The lighter the rim, the lower the maximum pressure allowable, as there is less material to both resist the mechanical forces and to absorb and transfer heat. The alloy rim on a ZIPP clincher weighs approximately 175 grams, less than half the weight of conventional alloy extrusion. As such, and since we here at ZIPP tend to be quite conservative in matters relating to rider safety, we recommend a conservative 125psi maximum to maintain a large margin of safety and ensure a long lasting, great performing and durable wheel set.

I believe that this will continue to be an issue for all manufacturers of clincher rims. To explain in greater detail, with a 23C tire each 10-degree increase in rim surface temperature above an ambient temperature of 70 degrees Fahrenheit will result in a corresponding increase in tire pressure of 1psi. On longer descents with accompanying heavy or near-continuous braking, the energy transferred by braking into the rim will routinely raise the surface temperature to well over 300 degrees Fahrenheit and can under extreme conditions reach over 400 degrees. Again assuming an ambient temperature of 70 degrees, a conservative 300-degree rim surface temperature means an air pressure increase of 23psi.

Now if you recall, I mentioned a bit before that the high end of the safety margin for any manufacturer for a 23C tire is around 140psi. (By way of example, our competitor Mavic recommends a maximum tire pressure of 138psi for any road rim with a 23C tire, a bit higher than the ZIPP rim due to the greater amount of material, but as mentioned before we tend to be quite conservative as well. In real world applications, there should be little or no effective difference.) This means that if a rider begins at 120psi at rest, brakes aggressively or feathers the brakes continuously lot down the hill, then his 120psi tire inflation becomes 143psi or more and is beginning to nudge ever so slightly into that safety margin. With some manufacturers making tires that have a maximum psi in the 140 or even 150 to 160psi range, the safety margin becomes even smaller and the likelihood of tires blowing off any rim becomes more likely. Repeated cycles of heating and cooling also have the effect of potentially shortening the expected life of the rim. The response to this scenario is for rim manufacturers to make progressively heavier and heavier clincher rims to maintain the original margin of safety.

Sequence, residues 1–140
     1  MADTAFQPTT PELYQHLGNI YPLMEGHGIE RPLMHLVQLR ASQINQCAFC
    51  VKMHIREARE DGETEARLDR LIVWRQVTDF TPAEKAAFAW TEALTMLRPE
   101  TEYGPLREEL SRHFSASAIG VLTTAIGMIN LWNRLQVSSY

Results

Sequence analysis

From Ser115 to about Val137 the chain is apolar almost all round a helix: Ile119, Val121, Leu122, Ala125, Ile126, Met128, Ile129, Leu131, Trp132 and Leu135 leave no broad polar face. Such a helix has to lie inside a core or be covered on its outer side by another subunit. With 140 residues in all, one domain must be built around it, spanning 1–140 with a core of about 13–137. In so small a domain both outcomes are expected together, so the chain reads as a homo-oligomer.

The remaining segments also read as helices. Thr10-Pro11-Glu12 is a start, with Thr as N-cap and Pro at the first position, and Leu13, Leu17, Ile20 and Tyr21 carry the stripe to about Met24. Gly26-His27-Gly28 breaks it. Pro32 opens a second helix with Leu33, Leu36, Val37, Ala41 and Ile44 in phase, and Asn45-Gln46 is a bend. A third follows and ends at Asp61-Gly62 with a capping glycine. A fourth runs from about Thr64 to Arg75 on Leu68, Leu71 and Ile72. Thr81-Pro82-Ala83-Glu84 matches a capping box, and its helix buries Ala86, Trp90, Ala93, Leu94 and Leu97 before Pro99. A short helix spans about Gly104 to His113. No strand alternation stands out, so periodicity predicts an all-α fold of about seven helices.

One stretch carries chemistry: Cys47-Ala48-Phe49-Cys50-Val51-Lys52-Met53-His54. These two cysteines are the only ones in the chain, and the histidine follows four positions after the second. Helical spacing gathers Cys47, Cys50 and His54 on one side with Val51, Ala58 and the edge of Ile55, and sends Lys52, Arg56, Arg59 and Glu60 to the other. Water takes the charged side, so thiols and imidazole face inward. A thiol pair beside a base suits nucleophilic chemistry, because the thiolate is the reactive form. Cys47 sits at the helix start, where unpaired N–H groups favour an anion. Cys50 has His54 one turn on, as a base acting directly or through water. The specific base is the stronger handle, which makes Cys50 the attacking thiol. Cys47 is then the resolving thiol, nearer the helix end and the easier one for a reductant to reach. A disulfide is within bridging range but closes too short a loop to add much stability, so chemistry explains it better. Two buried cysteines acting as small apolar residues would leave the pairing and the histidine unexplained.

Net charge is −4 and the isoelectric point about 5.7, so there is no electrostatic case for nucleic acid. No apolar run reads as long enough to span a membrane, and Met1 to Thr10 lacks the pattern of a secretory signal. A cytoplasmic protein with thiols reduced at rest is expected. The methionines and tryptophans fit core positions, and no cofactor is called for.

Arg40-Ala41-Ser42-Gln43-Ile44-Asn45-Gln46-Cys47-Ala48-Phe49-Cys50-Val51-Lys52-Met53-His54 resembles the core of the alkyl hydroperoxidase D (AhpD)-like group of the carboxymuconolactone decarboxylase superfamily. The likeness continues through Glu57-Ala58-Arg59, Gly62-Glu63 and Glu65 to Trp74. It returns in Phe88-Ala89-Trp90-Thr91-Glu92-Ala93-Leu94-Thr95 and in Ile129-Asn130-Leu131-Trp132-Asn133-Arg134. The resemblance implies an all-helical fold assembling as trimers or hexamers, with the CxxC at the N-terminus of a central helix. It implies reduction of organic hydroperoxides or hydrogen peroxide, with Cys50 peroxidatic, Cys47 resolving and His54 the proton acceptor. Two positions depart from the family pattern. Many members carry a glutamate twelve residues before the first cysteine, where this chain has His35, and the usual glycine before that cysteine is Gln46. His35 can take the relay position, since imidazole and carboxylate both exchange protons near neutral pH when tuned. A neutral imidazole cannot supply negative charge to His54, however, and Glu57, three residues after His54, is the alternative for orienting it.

Fueling this race to higher and higher-pressure tires is the generally held notion that higher pressures translate into lower rolling resistance. However, this is not the case. Lowering rolling resistance through extremely high pressure assumes a perfectly smooth surface, which is not something I find on any of the roads I ride these days. Under real-world conditions with the road surfaces a rider is likely to encounter, clincher tires, even those rated at higher maximum pressures, will have a lower rolling energy expenditure at 110 to 130psi, will handle better, puncture less and last longer.

In short, after this long explanation, no, ZIPP 303 and 404 clincher rims will not break apart at 140+ psi tire inflation.
–Bill Vance
National Sales Manager and ZIPP Factory Guy
ZIPP Speed Weaponry


Technical writer Lennard Zinn is a frame builder, a former U.S. national team rider and author of several books on bikes and bike maintenance including the pair of successful maintenance guides “ Zinn & the Art of Mountain Bike Maintenance” and “Zinn & the Art of Road Bike Maintenance.”Zinn’s regular column is devoted to addressing readers’ technical questions about bikes, their care and feeding and how we as riders can use them as comfortably and efficiently as possible. Readers can send brief technical questions directly to Zinn. Zinn’s column appears here each Tuesday.